Over the last 30 years, social identity
research (Tajfel and Turner, 1979)—by now
the dominant approach ingroup psychology—
has systematically dismantled the particular
notion of identity which underlies the
classic crowdpsychologies. Indeed, as its name
suggests, the social identity tradition rejects the
idea that people only have a single personal
identity. Rather, it argues, identity should be
seen as a system inwhich different parts govern
our behaviour (i.e. are psychologically salient)
in different contexts. Certainly there are times
when we do think of ourselves in terms of our
personal identities: what makes us unique as
individuals and different from other individuals.
But at other times, we think of ourselves
in terms of our group memberships (I am
British; I am a police officer; I am a Catholic,
or whatever) and of what makes our group
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406 Policing Article S. Reicher et al.
unique compared to other groups. That is, we
think of ourselves in terms of our social identities.
Psychologically, the shift from personal
identity to social identity is what makes group
behaviour possible (Turner, 1982).
To illustrate the argument, consider the following
situation. You are on a crowded train
full of commuters, each of whom is trying to
ignore the presence of the others, seeking to
avoid eye contact and to minimise any physical
contact. Then the train stops. After some time,
there is an announcement which gives some
excuse for the delay. People start to think of
each other as fellow passengers (in opposition
to the train company) rather than as separate
individuals. They begin to turn towards each
other, to talk, and to smile.
Three points can be drawn from this illustration.
First, we need to distinguish between
a physical group of people (which we will call
an aggregate) and a psychological group. The
former simply refers to a set of people who are
co-present, while the latter refers to a set of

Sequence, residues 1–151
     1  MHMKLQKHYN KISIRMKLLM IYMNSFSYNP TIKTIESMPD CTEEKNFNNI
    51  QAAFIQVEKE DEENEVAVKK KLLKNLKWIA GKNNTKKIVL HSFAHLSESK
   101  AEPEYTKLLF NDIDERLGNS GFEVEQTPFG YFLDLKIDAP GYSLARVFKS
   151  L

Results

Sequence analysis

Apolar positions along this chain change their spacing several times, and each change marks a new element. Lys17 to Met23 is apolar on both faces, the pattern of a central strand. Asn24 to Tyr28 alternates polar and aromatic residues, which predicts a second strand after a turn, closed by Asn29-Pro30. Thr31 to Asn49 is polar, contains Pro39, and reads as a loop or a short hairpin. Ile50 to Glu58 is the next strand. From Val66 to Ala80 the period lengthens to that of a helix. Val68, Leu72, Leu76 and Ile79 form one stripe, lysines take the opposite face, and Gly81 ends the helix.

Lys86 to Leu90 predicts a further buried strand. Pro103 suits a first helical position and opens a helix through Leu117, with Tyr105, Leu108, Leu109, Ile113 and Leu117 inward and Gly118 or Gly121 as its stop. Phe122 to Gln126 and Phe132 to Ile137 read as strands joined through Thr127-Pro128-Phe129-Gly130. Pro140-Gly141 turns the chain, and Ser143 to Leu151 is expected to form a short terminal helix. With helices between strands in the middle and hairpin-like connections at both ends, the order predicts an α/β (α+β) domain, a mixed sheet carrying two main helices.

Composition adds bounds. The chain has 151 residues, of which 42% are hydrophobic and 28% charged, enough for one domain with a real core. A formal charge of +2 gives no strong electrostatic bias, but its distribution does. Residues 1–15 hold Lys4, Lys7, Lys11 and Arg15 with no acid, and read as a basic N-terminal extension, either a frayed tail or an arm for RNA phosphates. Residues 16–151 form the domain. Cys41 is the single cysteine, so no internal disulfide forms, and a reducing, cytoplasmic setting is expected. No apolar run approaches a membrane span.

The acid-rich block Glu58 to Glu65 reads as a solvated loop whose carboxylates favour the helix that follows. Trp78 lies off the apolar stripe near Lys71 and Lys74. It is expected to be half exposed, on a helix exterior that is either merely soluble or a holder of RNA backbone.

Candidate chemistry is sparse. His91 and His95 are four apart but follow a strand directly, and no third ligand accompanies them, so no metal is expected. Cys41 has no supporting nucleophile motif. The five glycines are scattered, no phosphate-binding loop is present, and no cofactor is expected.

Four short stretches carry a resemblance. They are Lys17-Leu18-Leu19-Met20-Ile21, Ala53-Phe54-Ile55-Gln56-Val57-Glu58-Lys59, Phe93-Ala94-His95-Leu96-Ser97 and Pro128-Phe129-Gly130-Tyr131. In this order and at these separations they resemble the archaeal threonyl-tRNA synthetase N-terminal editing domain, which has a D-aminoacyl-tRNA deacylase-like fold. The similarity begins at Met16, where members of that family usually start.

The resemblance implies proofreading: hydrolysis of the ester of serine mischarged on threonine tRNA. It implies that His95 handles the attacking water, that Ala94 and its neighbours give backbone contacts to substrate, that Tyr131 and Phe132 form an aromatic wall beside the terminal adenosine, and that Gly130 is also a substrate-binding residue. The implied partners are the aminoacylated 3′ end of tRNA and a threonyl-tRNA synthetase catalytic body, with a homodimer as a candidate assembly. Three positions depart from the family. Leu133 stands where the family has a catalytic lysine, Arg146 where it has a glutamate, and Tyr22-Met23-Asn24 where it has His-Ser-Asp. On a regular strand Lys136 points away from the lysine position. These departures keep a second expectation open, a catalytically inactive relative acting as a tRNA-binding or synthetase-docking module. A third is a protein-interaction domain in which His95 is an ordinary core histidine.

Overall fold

people who, subjectively, think of themselves
as belonging to a common social category.
The same aggregate may contain no psychological
groups (as in our example of the train
before the delay), one psychological group (as
in the train after the delay) or indeed multiple
different psychological groups (say in the
case of rival football fans crowded into the
same carriages). What is more, the psychological
groupings contained in the self-same
aggregate can shift as a function of unfolding
Second, when people shift from seeing
others as individuals to seeing others as
groupmembers, their relationships with them
undergo a fundamental transformation. Common
ingroup members are treated with
warmth and respect; they are trusted, supported
and they receive cooperation (see also
Tyler and Blader, 2000; Levine et al., 2005).
This does not usually extend to outgroup
members. The reason for this fundamental
transformation is that, once people define
themselves in terms of a group membership
the fate of the group as a whole (and hence
of others in the group), the well-being of
the group, the prestige and reputation of the
group becomes their fate, their well-being,
their prestige and their reputation.
Third, while peoplemay do things in groups
that theymay not probably do in other circumstances,
this need not necessarily be anti-social
(in the example that we have given, people are
more sociable and generous than on their dayto-
day commutes) and it certainly does not
indicate that they have lost control over their
actions. Indeed people in groups conform to
the beliefs and standards that are associated
with the relevant identity. In contrast to the
classic view that people lose identity and hence
lose control in collective settings, what is suggested
here is that people shift identity and
hence shift the bases of behavioural control
in groups. What they will then do depends
upon the particular group under consideration
(Reicher, 1987, 2001).
Thus far, we have referred to groups and
crowds as if the two were interchangeable
and, at one level, all we have argued about